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Anatomy of the kidneys

The two kidneys are bean-shaped, fist-sized organs that sit just beneath the ribs
on either side of the spine.

They remove impurities and extra water from the blood, filtering about 150 quarts
of blood a day.

Each kidney consists of thousands of structures called nephrons, in which the


blood filtering takes place.

Nephrons are the functional units of the kidneys.

In each nephron, a two-step cleaning process separates necessary nutrients from


waste products.

A filter called the glomerulus catches blood cells and protein, sending water and
waste to a second filter, called a tubule.

The tubule captures minerals and extra protein. After that, waste materials leave
the body in the urine.

Damaged kidneys are unable to function at full capacity. Waste builds up and
causes serious health problems.

If the condition is severe or persistent enough, it can result in kidney failure.


Nephritis
Nephritis is a condition in which the nephrons become inflamed.

This inflammation, which is also known as glomerulonephritis, can adversely


affect kidney function.

Types

There are several types of nephritis that can occur in the kidneys.

There are several different types of nephritis, including:

Acute glomerulonephritis

Lupus nephritis

Alport syndrome, or chronic hereditary nephritis

Chronic glomerulonephritis

IgA nephropathy

Interstitial nephritis
This form of nephritis can develop suddenly after a severe infection, such
as strep throat, hepatitis, or HIV.

Lupus and rarer disorders, such as vasculitides and granulomatosis with


polyangiitis (GPA), can also lead to acute inflammation of the kidneys.

A person with these conditions will require prompt medical attention during a
flare-up to reduce kidney damage.

Lupus nephritis:

Lupus is an autoimmune disease, which means that the immune system attacks
healthy tissues in the body.

The symptoms of lupus nephritis include:

 foamy urine

 high blood pressure

 swelling of the legs, ankles, and feet

 joint problems, fever, and rashes.

Alport syndrome, or chronic hereditary nephritis:

It is usually more severe in men.

It has two forms:

1. Classic Alport syndrome: inherited as a sex – linked disorder

Symptoms: Hematuria, progressive uremia, sensorineural deafness and


deformities of the anterior surface of the lens

2. Nonclassic Alport syndrome: inherited as an autosomal disorder


Symptoms: Hematuria, progressive uremia, but not deafness and lens
deformities

Treatment: supportive

Corticosteroids and cytotoxic drugs are not effective.

This disease does not recur after kidney transplantation

Chronic glomerulonephritis:

This form of nephritis develops slowly and causes few symptoms in its early
stages.

This condition can cause severe kidney damage and kidney failure.

It may run in families or develop after a sudden disease.

IgA nephropathy:

This is one of the more common forms of nephritis.

It develops when IgA antibody deposits build up in the kidneys and cause
inflammation.

The immune system develops antibodies to combat harmful substances and


organisms that enter the body.

People with IgA neuropathy have defective IgA antibodies.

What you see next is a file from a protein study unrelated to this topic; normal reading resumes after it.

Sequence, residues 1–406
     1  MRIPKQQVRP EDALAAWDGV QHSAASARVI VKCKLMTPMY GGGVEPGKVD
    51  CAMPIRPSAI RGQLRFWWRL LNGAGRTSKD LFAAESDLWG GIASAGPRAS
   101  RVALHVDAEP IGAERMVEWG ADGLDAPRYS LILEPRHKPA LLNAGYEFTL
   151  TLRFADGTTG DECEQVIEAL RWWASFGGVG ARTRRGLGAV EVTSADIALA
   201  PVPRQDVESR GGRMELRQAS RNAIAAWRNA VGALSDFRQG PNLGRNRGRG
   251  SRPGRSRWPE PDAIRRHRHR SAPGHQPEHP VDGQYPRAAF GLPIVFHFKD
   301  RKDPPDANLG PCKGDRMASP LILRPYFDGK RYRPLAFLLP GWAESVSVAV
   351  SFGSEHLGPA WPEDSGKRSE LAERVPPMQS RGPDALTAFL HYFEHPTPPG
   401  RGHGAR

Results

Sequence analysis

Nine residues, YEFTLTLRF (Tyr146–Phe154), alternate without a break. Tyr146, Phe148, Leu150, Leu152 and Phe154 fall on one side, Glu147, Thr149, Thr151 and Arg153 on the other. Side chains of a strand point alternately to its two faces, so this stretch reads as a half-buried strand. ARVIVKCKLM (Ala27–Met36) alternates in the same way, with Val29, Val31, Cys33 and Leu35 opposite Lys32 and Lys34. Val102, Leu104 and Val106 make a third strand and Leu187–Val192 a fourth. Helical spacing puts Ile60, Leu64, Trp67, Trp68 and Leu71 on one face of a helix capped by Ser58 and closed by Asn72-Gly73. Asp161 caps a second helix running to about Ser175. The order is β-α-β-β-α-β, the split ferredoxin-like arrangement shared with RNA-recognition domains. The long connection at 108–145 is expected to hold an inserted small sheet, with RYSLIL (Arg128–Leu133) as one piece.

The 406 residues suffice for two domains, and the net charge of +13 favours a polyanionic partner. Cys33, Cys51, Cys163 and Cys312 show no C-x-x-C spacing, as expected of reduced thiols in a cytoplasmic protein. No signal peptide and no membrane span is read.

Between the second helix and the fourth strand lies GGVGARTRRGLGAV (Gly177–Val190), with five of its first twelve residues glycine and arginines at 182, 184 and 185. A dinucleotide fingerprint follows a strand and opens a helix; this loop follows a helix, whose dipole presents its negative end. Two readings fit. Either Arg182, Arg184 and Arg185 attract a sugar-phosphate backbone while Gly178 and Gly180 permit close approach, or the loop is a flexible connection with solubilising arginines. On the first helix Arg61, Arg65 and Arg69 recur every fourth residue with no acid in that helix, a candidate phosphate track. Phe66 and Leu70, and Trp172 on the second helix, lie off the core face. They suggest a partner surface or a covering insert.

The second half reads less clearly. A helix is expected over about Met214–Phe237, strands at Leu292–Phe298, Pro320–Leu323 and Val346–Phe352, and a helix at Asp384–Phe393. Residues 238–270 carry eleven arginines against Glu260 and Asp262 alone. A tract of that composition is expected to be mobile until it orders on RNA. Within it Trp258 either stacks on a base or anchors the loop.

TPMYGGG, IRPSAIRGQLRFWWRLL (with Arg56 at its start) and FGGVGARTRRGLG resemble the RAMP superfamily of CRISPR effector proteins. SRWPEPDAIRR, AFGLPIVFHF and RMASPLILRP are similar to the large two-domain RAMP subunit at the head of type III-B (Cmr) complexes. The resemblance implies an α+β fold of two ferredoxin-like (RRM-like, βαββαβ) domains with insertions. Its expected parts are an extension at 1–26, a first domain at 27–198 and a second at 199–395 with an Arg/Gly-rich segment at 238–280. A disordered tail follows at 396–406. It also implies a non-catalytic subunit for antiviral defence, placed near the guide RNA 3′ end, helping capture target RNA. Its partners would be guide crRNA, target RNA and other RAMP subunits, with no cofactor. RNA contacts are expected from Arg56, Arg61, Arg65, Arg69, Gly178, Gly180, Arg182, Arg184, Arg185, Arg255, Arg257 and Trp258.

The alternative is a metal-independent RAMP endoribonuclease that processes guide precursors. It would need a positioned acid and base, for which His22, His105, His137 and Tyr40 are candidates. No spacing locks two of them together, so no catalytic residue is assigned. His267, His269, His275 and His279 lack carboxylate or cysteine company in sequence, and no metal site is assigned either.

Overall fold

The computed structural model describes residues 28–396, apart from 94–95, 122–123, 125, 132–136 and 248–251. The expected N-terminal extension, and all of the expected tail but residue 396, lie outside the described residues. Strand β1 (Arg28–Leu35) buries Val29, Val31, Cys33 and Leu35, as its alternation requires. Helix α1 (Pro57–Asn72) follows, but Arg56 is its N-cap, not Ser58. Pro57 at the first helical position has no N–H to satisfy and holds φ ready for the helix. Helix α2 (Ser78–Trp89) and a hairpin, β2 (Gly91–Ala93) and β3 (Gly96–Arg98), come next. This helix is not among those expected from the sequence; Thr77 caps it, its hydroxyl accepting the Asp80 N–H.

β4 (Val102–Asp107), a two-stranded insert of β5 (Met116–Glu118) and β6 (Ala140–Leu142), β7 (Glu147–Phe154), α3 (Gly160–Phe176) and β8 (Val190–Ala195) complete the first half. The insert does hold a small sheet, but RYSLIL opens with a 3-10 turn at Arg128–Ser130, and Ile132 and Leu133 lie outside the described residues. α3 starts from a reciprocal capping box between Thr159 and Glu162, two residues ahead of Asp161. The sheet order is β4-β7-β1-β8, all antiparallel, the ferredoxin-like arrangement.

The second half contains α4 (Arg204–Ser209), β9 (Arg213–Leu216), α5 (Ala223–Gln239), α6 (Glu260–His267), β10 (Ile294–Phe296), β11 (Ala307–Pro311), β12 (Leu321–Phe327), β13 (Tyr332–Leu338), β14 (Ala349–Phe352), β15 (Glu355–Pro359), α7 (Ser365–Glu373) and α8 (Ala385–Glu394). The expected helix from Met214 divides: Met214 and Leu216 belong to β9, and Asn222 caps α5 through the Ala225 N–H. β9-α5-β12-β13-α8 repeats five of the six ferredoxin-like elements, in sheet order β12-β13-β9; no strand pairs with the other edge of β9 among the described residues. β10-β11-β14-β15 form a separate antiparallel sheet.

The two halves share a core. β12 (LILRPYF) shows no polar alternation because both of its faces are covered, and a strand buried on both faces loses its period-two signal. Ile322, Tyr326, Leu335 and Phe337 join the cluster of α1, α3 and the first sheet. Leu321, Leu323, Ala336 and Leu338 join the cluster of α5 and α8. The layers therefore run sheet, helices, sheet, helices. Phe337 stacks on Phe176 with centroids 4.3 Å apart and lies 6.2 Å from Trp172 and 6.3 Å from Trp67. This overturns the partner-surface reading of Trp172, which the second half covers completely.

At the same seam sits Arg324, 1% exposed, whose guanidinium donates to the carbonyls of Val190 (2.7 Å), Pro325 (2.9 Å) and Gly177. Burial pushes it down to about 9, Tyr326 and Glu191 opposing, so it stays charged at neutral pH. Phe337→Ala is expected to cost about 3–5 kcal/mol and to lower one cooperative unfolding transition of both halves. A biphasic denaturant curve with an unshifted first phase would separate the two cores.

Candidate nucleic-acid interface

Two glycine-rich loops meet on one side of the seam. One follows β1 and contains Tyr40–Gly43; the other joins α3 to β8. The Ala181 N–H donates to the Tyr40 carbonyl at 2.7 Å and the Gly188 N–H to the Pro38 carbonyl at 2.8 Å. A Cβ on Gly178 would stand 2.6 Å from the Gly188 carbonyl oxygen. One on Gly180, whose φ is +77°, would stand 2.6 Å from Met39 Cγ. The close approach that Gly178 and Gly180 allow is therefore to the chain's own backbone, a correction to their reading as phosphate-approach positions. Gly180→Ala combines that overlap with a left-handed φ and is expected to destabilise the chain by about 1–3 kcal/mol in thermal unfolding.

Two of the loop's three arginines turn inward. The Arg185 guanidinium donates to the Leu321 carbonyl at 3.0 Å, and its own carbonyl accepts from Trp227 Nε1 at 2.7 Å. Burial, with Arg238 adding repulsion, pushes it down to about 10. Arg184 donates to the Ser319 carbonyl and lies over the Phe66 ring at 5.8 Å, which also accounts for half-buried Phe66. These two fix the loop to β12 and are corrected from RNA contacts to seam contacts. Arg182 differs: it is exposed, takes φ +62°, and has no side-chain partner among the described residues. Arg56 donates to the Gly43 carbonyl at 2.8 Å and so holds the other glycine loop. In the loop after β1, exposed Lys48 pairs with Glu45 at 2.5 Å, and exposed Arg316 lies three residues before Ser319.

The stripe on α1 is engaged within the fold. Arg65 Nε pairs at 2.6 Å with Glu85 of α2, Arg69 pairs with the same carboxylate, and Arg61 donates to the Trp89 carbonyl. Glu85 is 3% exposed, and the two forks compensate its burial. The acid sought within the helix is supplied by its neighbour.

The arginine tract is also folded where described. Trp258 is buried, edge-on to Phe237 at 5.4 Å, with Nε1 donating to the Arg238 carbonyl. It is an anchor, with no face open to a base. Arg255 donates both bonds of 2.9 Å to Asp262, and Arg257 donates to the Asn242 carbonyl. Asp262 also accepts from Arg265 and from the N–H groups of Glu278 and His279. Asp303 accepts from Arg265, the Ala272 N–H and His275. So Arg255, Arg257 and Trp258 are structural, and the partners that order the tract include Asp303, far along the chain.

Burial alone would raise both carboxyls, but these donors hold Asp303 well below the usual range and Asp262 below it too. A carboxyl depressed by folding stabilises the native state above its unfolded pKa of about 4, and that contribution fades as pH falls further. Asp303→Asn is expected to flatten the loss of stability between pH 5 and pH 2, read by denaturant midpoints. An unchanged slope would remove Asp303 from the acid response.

Can treat this condition with blood pressure medications.

Interstitial nephritis:

Often developing very rapidly.

This form of nephritis usually occurs due to infection or a particular medication.

It affects the part of the kidney called the interstitium, which is a fluid-filled space.
Causes
There are many different causes of nephritis. In some cases, the cause may not
be clear.

- Hreditory

- Infections, such as HIV and hepatitis B or C.

- Medications, such as antibiotics, pain relievers, nonsteroidal anti-


inflammatory drugs (NSAIDs), or diuretic pills

Risk factors
The most important risk factors for kidney disease are:

 a family history of kidney disease

 high blood pressure

 diabetes

 obesity

 heart disease

 age of 60 years or more


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Symptoms
The symptoms of nephritis are rarely severe in the early stages.

 changes in urinating habits

 swelling anywhere in the body, especially the hands, feet, ankles, and face

 changes in urine color

 foamy urine

 blood in the urine


Diagnosis

- history and physical examination(urine that contains blood will appear


brown or pink)

- routine blood (creatinine level)

- urine test (protein in the urine)

- Biopsy is the best way to check for nephritis. For this procedure, a doctor
will remove a piece of the kidney with a needle and send it to a laboratory
for analysis.

Treatment
The treatment for nephritis may vary according to the cause and type.

Acute nephritis:

Sometimes resolves without treatment.

However, it usually requires medication and special procedures that remove


excess fluids and dangerous proteins.

Chronic nephritis:

Regular kidney check-ups and blood pressure monitoring

Prescription of water pills to control blood pressure and reduce any swelling.

Medications that prevent the immune system from attacking the kidneys can also
be beneficial in some cases.

Diet: low protein, salt, and potassium.

Prevention
Although it is not always possible to prevent nephritis, certain lifestyle practices
can reduce the risk for many people. These practices include:

 maintaining a healthy weight

 quitting smoking

 keeping blood pressure and blood sugar within healthy limits


 exercising regularly

 Eating a nutritious, balanced diet can also help protect kidney health.